We’re coming up on one of the most fun but also most dangerous weekends of the year. It’s the Fourth of July, or Independence Day, if you prefer.

I have heard time and time again stories of people losing fingers or ears or eyes or suffering serious burns all from misuse of fireworks. I know that my dad and his brother used to have “bottle rocket wars” where they would shoot bottle rockets directly at each other. Actions like that make me wonder what would happen if a “bottle rocket warrior” tried to take the other one to court for shooting out their eye.

The general rule is that we all have to use reasonable care not to injure someone else through our actions. That means that we have to behave as a reasonable person would. Many people mistakenly believe that a “reasonable” person is an “average” person, but that’s not right. A reasonable person is the biggest goody-two-shoes you’ve ever met. They always wear their seatbelt; they always drive the speed limit; they never cross a street without looking both ways; they always wear sunblock when they’ll be outside; they are constantly paying attention to their surroundings… and they DEFINITELY don’t shoot bottle rockets at people. So even though your average person growing up in the south may have participated in a bottle rocket war, the reasonable person definitely would not.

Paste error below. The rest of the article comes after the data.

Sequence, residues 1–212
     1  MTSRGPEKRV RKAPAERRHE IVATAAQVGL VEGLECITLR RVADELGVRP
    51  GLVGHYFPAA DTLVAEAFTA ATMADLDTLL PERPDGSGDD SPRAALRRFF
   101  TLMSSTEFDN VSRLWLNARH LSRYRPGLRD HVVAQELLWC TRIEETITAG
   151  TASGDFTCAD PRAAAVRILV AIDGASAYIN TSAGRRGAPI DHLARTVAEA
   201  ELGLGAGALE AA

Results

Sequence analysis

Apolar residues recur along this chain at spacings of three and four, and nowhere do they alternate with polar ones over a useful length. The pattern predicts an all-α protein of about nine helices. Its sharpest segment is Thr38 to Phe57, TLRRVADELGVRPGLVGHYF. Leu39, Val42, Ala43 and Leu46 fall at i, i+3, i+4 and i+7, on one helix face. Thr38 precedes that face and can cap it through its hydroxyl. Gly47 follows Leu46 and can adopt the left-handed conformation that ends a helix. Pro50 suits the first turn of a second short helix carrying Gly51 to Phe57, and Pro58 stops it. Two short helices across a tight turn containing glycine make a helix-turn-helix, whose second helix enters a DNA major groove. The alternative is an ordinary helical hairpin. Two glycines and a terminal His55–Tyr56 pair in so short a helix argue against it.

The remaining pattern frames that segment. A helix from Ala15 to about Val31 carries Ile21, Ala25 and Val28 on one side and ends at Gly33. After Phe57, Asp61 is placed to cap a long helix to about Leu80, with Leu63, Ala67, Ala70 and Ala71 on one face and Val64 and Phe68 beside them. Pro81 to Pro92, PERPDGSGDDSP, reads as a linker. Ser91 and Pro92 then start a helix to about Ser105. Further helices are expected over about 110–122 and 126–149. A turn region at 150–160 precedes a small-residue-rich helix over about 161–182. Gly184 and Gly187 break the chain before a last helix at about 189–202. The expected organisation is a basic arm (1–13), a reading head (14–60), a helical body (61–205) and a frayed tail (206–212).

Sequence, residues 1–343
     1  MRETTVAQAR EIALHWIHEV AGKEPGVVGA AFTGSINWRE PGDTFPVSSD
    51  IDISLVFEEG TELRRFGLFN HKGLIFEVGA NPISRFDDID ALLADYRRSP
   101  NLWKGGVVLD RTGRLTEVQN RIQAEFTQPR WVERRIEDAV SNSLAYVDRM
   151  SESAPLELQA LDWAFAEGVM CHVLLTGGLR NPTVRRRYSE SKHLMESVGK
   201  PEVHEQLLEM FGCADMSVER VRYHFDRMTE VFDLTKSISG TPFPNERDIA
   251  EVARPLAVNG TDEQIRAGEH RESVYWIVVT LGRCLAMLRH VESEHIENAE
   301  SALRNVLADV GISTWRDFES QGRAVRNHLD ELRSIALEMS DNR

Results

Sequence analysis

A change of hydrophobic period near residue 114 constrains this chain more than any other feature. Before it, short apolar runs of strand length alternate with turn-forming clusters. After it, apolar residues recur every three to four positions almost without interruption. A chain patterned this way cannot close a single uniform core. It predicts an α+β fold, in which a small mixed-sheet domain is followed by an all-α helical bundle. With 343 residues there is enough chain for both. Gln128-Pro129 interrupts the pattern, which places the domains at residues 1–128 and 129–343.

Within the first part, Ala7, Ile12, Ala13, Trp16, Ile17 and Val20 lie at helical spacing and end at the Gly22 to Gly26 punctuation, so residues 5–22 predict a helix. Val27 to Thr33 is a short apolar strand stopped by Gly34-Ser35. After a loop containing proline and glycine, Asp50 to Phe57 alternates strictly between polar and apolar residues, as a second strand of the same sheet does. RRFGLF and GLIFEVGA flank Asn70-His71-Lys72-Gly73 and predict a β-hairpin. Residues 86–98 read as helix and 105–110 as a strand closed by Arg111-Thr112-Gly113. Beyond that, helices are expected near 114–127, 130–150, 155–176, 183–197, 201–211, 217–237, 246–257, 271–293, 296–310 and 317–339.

So we’ve established that the shooter was negligent, case over right?Well, not quite. You see, in Arkansas we have what is called the modified comparative fault rule. For us, if the plaintiff (the person who had their eye hit by the bottle rocket in our case) is 50 percent or more at fault, then they cannot recover against the defendant. This is true even though the defendant was negligent. Because of this rule, the jury would have to look at all the facts available to determine a percentage of fault for each of the bottle rocket warriors. These facts could be anything from eye protection being available, to the size of the bottle rockets, to the distance that the boys stayed apart from one another.

After that, and if the plaintiff is less than 50 percent at fault, the bottle rocket warrior that had their eye shot out could recover the percentage of their damages that the defendant was responsible for. For example, if the jury found the defendant to be 55 percent at fault, the plaintiff to be 45 percent at fault, and the total damages to be $100,000, then the plaintiff could get $55,000 from the defendant to help cover some of his damages.